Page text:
OWASP – Security Misconfiguration

Overview: Security misconfigurations are security controls that are inaccurately configured or
left insecure, putting your systems and data at risk such as any poorly documented
configuration changes, or a technical issue across any component in your endpoints and default settings.

We can detect security misconfigurations in web applications using following test cases:

1)  EXPOSED FILES AND DIRECTORIES: Files and directories when left unprotected may allow hackers to force browse the application and help them access the restricted files in root/server directory.

We can use Burp engagement tools and google dorking to find out exposed files and directories.

Example attack scenario:

site: testphp.vulnweb.com ext:bak

This search query in google will yield a list of files ending in “.bak “, an extension commonly associated with backup files and restrict search results to the domain of the target site:testphp.vulnweb.com.


Before pushing your changes to the live/production server you should use a test or staging environment. keep backup files on your web server out of the directory you have configured your webserver to serve. Configure your WordPress files permissions to prohibit access to the web server’s user, so that even in case of an event of a misconfiguration, the webserver will not expose the file to a client requesting it. Encryption of database backups is a good idea also the encryption key should not be accessible by the web server’s user.

Directory listings & Missing Index Files

A directory listing is a type of Web page that displays the directory contents that exist on a Web server when there is no index file in a specific website directory. File (.htaccess) protects directory contents from unauthorized viewing but can be seen and read when there is server misconfiguration.

Example attack scenario:

In a vulnerable website when a user makes a request www.vulnweb.com/admin/, the response from the server displays the directory content of the directory admin, as seen in the below screenshot.

In the screenshot you can see that in the admin directory there is a sub-directory called backup, which might include enough information for an attacker to craft an attack.

Misconfiguration of the web server has led the attacker to display the whole list of files in the backup directory such as password files, database files, FTP logs, and PHP scripts which was not intended for public view.


No sensitive information should be disclosed. Restrict or disable directory listings from the web server configuration. On an Apache Web server, you can disable directory listings by placing a dash or minus sign before the word Indexes in the httpd.conf file (Options-Indexes followSymLinksMultiViews).

2) DEFAULT ACCOUNTS / PASSWORDS ARE ENABLED: It is a very common security misconfiguration where the attacker gains unauthorized access to the system using vendor-supplied defaults for system accounts and passwords.

Since default credentials are often bound to administrative accounts attackers use the following common Username/Passwords in authentication guessing attacks:



admin, administrator, root

admin, administrator, root, password, {company name}, {NULL}



Operator, backup

Operator, backup, {NULL}

test, test1, qa

Test, test1, qa, {NULL}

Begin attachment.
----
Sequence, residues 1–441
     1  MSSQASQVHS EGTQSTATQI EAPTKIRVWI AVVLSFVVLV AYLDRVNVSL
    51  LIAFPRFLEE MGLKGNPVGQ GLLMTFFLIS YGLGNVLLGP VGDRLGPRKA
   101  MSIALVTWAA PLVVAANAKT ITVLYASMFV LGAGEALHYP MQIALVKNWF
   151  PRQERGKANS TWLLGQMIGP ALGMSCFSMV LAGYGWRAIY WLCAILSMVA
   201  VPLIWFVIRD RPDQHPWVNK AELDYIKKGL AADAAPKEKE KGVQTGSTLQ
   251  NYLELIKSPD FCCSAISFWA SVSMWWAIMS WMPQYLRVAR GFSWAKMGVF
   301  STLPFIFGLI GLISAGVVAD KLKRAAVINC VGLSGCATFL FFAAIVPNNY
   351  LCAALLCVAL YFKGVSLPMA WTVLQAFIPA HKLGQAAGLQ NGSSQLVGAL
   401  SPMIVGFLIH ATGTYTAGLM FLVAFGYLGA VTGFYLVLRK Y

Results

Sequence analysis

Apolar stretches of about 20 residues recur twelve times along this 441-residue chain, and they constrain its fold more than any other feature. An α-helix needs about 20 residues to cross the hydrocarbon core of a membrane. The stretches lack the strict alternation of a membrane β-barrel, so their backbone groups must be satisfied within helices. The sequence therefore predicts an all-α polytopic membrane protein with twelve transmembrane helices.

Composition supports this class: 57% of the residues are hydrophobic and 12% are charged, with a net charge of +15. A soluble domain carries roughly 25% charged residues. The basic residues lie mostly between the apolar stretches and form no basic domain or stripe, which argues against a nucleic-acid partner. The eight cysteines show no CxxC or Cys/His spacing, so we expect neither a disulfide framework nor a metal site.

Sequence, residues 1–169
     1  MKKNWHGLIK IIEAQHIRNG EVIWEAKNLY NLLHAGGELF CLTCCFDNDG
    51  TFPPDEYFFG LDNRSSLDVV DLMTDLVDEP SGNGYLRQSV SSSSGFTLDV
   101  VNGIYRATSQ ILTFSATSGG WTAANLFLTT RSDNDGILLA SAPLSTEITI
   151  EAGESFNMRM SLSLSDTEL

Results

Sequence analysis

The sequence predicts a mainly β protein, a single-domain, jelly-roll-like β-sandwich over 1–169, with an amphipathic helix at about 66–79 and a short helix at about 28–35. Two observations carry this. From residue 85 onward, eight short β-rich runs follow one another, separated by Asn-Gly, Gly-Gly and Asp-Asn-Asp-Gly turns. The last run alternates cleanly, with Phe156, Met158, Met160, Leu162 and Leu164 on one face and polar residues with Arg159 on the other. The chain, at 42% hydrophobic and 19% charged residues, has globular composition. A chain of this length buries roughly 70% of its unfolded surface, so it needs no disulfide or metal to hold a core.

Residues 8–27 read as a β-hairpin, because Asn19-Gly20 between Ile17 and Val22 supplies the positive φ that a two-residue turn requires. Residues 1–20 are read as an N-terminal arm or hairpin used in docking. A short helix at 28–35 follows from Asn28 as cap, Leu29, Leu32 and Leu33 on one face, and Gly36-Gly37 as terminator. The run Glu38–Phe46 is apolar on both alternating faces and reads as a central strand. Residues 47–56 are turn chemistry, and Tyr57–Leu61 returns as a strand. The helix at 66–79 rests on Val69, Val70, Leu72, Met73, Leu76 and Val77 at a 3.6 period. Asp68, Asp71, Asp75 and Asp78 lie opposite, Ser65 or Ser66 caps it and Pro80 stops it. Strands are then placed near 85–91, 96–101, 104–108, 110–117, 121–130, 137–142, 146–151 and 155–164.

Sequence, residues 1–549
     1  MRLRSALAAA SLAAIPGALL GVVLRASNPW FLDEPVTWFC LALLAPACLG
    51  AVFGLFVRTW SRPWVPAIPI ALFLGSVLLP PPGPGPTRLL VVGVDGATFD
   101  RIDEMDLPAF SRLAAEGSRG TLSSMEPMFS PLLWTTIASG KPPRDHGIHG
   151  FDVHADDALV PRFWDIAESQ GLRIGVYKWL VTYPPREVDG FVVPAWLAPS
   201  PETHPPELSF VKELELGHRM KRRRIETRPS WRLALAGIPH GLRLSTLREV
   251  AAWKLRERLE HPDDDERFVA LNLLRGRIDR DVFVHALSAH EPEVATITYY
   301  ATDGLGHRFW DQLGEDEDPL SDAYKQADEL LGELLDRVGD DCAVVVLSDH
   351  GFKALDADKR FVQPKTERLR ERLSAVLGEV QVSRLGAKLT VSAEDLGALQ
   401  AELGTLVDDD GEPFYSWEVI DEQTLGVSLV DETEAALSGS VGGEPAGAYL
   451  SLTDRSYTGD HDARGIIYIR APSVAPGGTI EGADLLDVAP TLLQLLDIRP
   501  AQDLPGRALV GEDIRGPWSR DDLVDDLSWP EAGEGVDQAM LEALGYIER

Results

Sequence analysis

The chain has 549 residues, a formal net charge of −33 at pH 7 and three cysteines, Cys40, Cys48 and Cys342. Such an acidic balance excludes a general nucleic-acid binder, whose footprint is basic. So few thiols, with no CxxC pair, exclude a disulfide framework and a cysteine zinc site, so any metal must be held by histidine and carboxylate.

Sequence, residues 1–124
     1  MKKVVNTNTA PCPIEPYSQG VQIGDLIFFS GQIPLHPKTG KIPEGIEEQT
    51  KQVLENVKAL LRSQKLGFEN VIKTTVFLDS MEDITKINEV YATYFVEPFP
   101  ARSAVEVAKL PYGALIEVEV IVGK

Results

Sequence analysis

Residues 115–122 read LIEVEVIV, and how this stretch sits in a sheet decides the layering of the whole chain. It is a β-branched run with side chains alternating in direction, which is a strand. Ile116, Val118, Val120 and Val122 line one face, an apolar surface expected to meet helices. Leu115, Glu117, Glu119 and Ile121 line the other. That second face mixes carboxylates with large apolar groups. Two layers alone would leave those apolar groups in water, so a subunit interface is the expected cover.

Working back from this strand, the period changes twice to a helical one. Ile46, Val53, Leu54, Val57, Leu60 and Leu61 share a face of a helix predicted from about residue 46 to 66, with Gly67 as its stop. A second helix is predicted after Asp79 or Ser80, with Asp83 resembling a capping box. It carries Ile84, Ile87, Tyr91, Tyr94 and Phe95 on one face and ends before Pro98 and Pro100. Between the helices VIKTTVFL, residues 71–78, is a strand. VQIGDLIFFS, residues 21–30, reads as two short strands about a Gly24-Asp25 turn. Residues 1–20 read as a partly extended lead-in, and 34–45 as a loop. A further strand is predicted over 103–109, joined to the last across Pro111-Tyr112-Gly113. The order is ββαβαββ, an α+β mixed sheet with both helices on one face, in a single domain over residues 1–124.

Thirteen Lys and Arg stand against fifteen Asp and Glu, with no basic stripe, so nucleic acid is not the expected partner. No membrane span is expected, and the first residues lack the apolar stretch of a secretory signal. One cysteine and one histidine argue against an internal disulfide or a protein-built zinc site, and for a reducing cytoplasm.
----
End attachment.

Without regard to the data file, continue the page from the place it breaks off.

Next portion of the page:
{company name}

{company name}, password, {NULL}

demo, guest, private

demo, guest, private, {NULL}

{known username}

{known username}, {NULL}


Change Default Passwords and Use Unique Default Passwords: Before deploying the system on an untrusted network such as the internet, default passwords must be changed. Systems should be designed to use unique default passwords.
Force the Default Password Changes: The system should be designed so that it requires a password change the first time a default password is used.


Vendors usually release upgrades for their open-source software, fixing gaps or bugs but fail to update the application with the available upgrades which gives a chance for attackers to gain unauthorized access. Use of third-party JavaScript libraries can introduce a range of XSS vulnerabilities. Few library vulnerabilities expose every application that imports the library while some may affect only applications that use certain library features.

Example attack scenario:

www.vulnerableweb.com -> view page source -> ctrl+f: bootstrap, jquery -> library version exposed -> find exploits for outdated libraries

Below is the screenshot of outdated libraries and their vulnerabilities.


Ensure to apply all available security updates regularly, especially when using third-party code, since the updates usually contain patches or fixes for any vulnerabilities that were detected recently. Remove the libraries that are no longer used.


Improper error handling reveals the users overly informative error messages that includes sensitive information about its environment, users, or associated data. It leads to stack traces.

A stack trace is a report/long error message which leaks information about program subroutines. Attacker uses this information to gain access to potentially sensitive information such as: database versions, table names, code filenames, physical file paths of relevant files, server version etc. A stack trace is not a vulnerability but make customers assume the site is broken and worry about whether their transaction will work, or perhaps assume that the site has been hacked.

Example attack scenario:

www.vulnerableweb.com -> tamper the input to the vulnerable web application by sending invalid data input or insert illegal characters to the URL or the HTTP request -> Observe whether any underlying technology, IP address, internal file path, stack trace, and SQL queries are revealed in the error message

Below are screen shots of error messages: